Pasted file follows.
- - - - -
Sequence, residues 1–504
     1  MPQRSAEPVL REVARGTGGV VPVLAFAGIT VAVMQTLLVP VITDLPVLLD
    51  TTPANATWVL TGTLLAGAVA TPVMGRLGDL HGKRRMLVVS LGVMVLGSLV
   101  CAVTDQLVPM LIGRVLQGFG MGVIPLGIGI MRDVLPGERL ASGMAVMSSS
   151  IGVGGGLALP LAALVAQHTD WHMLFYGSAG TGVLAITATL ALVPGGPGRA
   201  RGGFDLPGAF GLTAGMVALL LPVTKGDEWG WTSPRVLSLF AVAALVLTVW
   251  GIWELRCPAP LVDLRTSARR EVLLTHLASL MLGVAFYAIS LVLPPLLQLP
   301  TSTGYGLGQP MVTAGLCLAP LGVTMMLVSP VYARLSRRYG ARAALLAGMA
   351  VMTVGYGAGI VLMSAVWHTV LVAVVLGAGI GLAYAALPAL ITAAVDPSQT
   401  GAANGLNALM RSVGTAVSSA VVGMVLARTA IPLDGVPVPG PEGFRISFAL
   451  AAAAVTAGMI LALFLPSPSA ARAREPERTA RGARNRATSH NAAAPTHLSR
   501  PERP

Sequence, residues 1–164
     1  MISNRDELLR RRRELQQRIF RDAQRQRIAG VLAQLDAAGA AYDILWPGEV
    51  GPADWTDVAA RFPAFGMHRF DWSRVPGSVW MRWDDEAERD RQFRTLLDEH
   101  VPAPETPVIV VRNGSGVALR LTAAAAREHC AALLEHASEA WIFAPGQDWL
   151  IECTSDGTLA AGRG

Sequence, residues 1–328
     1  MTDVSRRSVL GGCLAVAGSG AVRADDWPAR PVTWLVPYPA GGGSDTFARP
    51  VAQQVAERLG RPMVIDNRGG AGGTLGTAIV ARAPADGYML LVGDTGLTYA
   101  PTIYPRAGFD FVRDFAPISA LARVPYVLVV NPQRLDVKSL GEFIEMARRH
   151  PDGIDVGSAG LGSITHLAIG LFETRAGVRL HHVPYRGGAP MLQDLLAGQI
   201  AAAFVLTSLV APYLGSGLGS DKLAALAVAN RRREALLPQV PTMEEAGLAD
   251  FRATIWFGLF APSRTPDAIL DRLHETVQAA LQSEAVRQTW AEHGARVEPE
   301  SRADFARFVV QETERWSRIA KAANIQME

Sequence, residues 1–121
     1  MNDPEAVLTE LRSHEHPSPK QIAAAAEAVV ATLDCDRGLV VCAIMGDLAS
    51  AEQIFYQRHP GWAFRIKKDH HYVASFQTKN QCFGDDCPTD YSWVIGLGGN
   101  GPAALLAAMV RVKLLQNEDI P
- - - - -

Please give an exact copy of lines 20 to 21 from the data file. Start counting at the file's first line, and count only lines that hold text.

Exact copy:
    51  VAQQVAERLG RPMVIDNRGG AGGTLGTAIV ARAPADGYML LVGDTGLTYA
   101  PTIYPRAGFD FVRDFAPISA LARVPYVLVV NPQRLDVKSL GEFIEMARRH